I’ve worked with many organisations who excitedly talk about the importance of ‘their culture’.
Some do it brilliantly, others get it so wrong.
Offering yoga lessons, a ping pong table or dress-down Friday isn’t a culture.
Culture comes from a behaviours that represent the ‘Why‘ of the business.
Like the now-legendary door desks at Amazon. Don’t waste money on fancy desks; pass the saving to the customers (see below).
I make no secret of the fact that I’m a raving fan of Red Carnation Hotels and Vanarama.
Last Christmas, when other businesses were sending dodgy hampers full of stuff nobody really wanted, Vanarama bought 200 x baskets and filled them with really great gifts.
And when I say they filled them, it was the Senior Management Team that did the packing AND the delivery.
Everyone who works for Red Carnation Hotels is given two days paid leave to support a charity of their choice. This offer is taken up by 88% of the 2,500 staff, meaning 4,400 days are donated every year.
Their MD, Jonathan Raggett, told me how staff bounce back to work wanting to do even more for their guests. Giving increases giving.
What are your best examples of brilliant culture? Please share them below.
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A team I work with changed their “why?” from their existing legal enforcement role to ‘help people have better lives’.
Slowly at first, they did new and better things. Clients who previously couldn’t be helped because they didn’t meet the strict legal criteria for intervention were listened to and helped where possible. Those who were eligible for helped were assisted in more thoughtful and effective ways, all designed by the staff in the team.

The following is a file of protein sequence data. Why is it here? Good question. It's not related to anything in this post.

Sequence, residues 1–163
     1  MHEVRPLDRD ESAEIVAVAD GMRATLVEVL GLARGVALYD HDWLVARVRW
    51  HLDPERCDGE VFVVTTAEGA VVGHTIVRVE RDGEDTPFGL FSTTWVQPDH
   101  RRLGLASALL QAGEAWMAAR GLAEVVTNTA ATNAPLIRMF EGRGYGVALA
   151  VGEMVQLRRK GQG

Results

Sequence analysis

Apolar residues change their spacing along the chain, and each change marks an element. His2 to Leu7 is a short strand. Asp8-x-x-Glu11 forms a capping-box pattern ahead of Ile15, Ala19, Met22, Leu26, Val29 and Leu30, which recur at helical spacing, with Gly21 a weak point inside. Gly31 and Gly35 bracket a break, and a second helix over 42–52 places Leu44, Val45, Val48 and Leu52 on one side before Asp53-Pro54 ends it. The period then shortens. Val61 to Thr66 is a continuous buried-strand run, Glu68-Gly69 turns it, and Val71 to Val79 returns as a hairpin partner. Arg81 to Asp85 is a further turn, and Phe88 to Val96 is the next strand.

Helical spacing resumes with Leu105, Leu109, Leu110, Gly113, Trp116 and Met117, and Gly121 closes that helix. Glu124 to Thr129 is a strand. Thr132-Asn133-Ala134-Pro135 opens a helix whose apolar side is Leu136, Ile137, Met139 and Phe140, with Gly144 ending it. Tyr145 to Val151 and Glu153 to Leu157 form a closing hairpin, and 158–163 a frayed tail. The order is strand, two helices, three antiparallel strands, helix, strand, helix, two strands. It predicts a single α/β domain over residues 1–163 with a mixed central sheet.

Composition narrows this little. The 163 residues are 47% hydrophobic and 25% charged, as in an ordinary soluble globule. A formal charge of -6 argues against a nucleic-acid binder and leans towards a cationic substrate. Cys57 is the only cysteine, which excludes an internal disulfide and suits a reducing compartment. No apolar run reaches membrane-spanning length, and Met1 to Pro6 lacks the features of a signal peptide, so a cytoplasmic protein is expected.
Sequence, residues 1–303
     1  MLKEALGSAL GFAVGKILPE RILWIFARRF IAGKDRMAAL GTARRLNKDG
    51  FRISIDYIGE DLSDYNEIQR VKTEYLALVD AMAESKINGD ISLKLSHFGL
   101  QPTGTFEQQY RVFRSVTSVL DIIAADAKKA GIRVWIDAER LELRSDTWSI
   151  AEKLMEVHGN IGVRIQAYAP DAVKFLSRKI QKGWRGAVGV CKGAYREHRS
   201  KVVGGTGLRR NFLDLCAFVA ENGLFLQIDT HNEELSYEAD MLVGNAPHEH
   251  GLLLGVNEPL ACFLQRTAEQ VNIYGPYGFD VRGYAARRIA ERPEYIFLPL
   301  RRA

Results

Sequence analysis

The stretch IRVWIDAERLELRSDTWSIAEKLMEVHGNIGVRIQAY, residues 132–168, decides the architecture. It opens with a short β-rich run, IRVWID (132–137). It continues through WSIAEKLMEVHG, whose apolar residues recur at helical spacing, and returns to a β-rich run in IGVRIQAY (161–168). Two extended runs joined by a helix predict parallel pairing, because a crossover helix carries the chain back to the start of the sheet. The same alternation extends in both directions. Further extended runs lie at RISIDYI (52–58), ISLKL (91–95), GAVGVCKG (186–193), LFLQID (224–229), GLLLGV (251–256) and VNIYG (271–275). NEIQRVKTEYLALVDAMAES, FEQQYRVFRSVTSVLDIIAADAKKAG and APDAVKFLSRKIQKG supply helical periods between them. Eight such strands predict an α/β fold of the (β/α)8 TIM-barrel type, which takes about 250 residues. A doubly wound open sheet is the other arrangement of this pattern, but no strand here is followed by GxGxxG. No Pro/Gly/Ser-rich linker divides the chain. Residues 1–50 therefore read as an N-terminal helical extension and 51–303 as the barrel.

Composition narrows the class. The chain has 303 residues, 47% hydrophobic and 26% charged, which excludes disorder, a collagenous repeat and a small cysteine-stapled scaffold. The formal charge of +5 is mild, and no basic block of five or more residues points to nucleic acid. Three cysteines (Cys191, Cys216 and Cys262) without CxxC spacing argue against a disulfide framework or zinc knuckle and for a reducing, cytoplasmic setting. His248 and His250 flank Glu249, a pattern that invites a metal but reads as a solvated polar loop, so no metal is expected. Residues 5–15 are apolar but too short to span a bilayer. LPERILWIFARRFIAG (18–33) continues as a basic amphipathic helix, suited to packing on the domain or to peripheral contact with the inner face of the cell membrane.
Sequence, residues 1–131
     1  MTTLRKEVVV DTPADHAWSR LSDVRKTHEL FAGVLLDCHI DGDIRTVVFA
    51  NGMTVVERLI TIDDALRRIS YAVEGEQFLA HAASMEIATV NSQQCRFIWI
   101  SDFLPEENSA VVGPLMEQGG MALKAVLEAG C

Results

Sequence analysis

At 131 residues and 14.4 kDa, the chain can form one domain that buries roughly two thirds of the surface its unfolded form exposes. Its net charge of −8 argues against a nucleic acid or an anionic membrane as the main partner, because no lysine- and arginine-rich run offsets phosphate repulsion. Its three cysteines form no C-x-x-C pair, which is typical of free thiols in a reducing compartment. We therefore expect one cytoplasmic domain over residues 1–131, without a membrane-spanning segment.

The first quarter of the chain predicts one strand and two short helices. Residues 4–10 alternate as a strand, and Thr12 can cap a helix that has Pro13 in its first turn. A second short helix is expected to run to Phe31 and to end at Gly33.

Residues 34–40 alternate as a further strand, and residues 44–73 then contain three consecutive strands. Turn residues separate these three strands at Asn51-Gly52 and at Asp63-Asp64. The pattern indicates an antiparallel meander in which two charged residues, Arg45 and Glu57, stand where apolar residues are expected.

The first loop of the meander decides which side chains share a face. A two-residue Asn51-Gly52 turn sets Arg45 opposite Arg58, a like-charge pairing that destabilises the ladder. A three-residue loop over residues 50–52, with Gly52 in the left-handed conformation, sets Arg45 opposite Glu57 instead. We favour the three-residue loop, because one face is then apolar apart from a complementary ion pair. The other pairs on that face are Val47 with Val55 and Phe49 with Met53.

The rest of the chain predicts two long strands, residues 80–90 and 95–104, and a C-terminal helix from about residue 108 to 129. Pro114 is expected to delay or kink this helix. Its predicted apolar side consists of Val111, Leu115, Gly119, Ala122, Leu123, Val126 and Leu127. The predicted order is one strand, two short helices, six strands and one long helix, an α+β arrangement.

One team member who was dealing with a lady facing eviction from her house realised that the best way to avoid her being made homeless was to have her cats neutered so that the landlord couldn’t use multiple pets as grounds. She drove the lady with her cats in borrowed carriers to the PDSA, and drove her home afterwards. She’s not homeless, she’s happy with her 2 cats and her landlord’s happy again.
None of this came out of a business plan, team plan or management instruction. Apart from the cat lady, the team have helped thousands of people to better outcomes than we ever saw before using our existing approach.
I learned about customer service working for a small organisation in the late 1990s. Our customers used to phone us – it was in the days before external email. We had an office (remember those?) with one central phone number, on a hunt-group. When someone called, we all had the chance to answer the call. It wasn’t ever spoken about but everyone scrambled to get to the call first; you’d ‘won’ if you got it. It was so refreshing to work with people who were excited about hearing from customers and inspired leadership that had led to that culture. I’ve always taken that with me. Being busy and having lots to do, the phone constantly ringing, is a great ‘problem’ to have.
When I worked for HSBC they used to allow us to have two days leave to support a charity. Alternatively they would give the charity the equivalent of two days wages. I volunteered at a children’s holiday club each Summer for 5 days and used my annual leave. The two days pay they received covered half the cost of running the club meaning we could halve the fee for the children.
I get your point and a yoga class once a week or whatever isn’t culture – however – companies could do a lot worse than to instil ancient yoga philosophies into the culture, e.g.:
Non stealing (in every way, not just in monetary terms – could be applied to stealing people’s time when late for meetings etc)
Non excess and restraint
Non grasping or non covetousness
Cleanliness of body and mind
Contentment and acceptance
Discipline, practice and commitment
Surrender to a higher being or cause – there are forces or concepts that are more important than oneself.
So, for me, yoga can be culture – it’s not all about the downward dog 😊